Setting up legal residency in several places at once takes time and a bit of money. The attorney and government fees add up. However, my friend has decided that, for him, the peace of mind that he'll have with the options he's putting in place for himself will be well worth the cost.

I see another plus in this unconventional approach: It has saved my friend from having to worry about making a single "best" choice. He's pursuing various good options at once.

Waiting for the "best" choice has slowed down and fouled up many people I've known over the years, and not only when it comes to deciding where to establish residency. I met a real estate investor at a conference about eight years ago, for example, who started the conversation by telling me he'd been looking at making a real estate investment in Costa Rica for a few years. At the time, Costa Rica was off my radar, so I asked him what he'd found...what had he invested in or what was he thinking of buying?

He told me that, although he'd been looking for four years, he hadn't bought a single property. He had come across good deals, but, in each case, he wasn't sure that what was before him was the "best" deal, so he passed...and kept looking. Eventually, he'd decided that all the "best" deals were gone...he'd missed them. So he'd moved on to the Dominican Republic, which is where I met him.

At the time I made this gentleman's acquaintance, he had been shopping in the DR for a couple of years already...but he hadn't bought anything in that country either.

The irony of the situation was that, had the guy invested in anything—I mean any piece of property he'd come across when he'd landed in the country two years earlier—he would have realized a gain of at least 25% by the time I met him, probably more.


How To Find A Rental In Cuenca, Ecuador

How To Rent In Cuenca For US$300 Per Month

Sept. 23, 2014, Quito, Ecuador: Here’s what you need to know to find and negotiate a rental apartment in Cuenca, Ecuador.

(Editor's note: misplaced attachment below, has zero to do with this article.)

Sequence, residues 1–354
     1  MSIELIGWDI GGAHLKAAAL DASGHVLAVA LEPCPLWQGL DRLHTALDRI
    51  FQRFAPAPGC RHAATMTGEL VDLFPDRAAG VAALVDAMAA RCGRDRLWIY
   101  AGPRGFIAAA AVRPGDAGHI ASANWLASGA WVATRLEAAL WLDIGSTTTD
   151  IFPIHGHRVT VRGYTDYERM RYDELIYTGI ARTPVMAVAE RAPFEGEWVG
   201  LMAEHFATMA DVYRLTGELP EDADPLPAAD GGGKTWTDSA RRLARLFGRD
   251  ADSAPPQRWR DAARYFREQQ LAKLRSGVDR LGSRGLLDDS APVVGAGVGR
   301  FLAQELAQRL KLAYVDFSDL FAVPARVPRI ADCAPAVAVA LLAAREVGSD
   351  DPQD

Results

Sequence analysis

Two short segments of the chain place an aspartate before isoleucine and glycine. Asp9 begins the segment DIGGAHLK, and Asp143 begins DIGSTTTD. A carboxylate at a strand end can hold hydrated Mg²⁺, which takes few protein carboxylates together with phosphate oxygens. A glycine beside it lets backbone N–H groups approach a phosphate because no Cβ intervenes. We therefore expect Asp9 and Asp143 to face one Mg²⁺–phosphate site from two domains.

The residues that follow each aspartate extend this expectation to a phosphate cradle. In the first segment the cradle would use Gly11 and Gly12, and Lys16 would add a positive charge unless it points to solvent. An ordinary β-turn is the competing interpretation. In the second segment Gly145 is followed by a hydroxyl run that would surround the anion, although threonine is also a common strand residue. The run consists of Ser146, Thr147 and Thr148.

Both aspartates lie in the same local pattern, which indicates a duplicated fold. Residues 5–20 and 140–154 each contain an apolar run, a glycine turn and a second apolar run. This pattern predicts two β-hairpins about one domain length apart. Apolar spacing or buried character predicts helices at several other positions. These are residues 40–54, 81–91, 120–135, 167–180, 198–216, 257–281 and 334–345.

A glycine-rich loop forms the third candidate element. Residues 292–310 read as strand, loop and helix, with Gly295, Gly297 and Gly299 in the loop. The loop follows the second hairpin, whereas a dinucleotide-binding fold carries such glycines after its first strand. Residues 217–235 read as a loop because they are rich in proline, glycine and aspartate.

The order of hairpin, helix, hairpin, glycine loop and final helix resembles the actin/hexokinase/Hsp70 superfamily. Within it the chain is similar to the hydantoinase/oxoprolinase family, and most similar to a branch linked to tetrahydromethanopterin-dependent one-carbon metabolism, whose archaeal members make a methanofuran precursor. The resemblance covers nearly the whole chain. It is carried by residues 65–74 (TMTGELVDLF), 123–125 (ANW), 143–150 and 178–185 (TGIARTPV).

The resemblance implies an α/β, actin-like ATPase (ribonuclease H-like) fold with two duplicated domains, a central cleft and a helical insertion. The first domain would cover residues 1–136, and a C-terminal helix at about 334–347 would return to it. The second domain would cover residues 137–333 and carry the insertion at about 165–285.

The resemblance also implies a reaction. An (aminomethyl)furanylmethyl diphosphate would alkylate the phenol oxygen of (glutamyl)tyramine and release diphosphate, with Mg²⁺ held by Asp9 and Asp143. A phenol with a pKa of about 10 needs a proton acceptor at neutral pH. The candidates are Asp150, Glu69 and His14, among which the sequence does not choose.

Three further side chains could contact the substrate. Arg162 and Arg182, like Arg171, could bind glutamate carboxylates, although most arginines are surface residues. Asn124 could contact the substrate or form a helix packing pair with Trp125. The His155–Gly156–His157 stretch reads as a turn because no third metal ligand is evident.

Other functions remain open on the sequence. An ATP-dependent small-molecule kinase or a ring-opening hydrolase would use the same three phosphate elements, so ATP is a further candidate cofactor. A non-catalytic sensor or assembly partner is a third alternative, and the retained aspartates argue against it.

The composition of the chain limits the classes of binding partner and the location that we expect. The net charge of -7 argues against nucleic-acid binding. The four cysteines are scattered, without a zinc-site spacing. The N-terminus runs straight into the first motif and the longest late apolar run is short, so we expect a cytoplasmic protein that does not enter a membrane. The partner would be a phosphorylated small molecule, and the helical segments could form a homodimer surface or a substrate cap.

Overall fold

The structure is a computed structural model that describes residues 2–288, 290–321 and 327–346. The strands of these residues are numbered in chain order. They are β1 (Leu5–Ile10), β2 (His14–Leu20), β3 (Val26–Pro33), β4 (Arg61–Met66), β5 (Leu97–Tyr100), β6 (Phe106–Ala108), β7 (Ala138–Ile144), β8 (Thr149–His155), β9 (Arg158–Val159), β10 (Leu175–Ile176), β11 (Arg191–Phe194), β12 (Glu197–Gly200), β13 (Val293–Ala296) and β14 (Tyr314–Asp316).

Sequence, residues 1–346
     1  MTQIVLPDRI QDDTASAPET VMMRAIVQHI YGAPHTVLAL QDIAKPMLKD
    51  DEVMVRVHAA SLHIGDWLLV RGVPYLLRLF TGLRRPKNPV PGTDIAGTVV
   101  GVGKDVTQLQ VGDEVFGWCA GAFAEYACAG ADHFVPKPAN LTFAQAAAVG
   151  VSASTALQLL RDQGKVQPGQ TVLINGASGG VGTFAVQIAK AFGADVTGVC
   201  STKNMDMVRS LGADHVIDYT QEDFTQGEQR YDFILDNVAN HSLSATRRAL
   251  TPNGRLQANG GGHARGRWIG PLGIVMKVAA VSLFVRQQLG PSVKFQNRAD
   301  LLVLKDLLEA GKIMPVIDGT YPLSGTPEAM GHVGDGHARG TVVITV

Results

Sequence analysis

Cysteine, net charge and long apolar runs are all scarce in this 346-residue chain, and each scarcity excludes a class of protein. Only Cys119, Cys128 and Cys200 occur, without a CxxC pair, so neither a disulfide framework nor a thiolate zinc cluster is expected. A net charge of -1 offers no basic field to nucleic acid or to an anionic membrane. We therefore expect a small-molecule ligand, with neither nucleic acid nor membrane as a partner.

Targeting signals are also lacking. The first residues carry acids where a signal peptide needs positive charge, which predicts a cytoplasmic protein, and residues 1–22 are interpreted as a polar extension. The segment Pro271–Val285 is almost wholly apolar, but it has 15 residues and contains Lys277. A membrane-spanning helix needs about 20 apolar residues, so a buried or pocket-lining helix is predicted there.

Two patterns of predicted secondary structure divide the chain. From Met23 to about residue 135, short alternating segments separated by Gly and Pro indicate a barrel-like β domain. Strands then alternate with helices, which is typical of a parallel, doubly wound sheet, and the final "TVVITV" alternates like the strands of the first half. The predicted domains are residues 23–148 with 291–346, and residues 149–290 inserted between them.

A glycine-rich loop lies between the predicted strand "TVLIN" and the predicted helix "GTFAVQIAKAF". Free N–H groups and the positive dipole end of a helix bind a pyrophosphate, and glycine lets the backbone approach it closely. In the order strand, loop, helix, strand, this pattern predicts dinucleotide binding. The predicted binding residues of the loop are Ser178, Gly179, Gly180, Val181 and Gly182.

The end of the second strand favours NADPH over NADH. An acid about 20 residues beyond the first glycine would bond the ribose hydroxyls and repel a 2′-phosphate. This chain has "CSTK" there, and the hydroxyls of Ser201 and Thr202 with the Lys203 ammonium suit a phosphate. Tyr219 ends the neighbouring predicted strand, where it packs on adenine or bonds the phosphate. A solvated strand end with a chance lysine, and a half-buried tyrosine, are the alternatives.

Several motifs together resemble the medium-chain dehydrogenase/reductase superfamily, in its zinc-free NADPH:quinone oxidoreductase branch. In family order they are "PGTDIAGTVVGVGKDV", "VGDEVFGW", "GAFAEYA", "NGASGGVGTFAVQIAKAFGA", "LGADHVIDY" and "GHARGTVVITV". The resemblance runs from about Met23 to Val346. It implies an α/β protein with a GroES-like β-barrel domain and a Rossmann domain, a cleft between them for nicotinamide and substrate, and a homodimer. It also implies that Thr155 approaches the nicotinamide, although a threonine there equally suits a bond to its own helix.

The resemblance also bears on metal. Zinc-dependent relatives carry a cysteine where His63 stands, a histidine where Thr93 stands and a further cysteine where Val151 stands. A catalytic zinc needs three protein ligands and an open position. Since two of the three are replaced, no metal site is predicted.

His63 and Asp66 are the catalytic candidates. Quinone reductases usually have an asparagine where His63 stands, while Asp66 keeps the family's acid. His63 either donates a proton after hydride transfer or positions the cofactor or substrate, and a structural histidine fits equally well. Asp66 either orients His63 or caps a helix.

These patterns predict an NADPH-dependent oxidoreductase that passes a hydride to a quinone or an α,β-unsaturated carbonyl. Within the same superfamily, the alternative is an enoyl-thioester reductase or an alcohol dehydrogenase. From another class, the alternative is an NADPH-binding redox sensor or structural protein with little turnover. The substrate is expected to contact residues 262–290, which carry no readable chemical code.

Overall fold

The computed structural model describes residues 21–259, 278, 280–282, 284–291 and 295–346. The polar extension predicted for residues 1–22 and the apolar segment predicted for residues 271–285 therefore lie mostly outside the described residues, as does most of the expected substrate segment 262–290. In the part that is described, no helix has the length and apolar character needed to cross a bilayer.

Dear Live and Invest Overseas Reader,

"When we first started our property management office, we had six rental properties that were rented maybe 25% of the year," explained Graciela Quinde, owner of Rentals Cuenca in Cuenca, Ecuador, to the group convened in Quito for last week's Live and Invest in Ecuador Conference.

"Now I manage between 30 and 50 rentals," Graciela continued, "and they are occupied 90% of the year, some 100% of the time. And my company is not the only one managing rentals in Cuenca today. The rental market in this city is booming. More turn-key properties intended for the foreign client are available than ever before. Still, supply is lagging demand."

The good news for the renter in Cuenca is that, despite the growing demand and despite property values appreciating at a rate of about 10% per year for the past seven years, rents remain low in this city, though they are edging up.

The would-be renter in Cuenca has more support than ever. Typically, the world over, a property manager manages a rental property for the owner. In Cuenca, though, Graciela's company offers a service for the renter, as well.

"We're dealing with a lot of foreigners," Graciela explained in Quito last week. "A lot of them don't speak Spanish, and they need some hand-holding. We're happy to provide that. We help with things like setting up cable TV and Internet."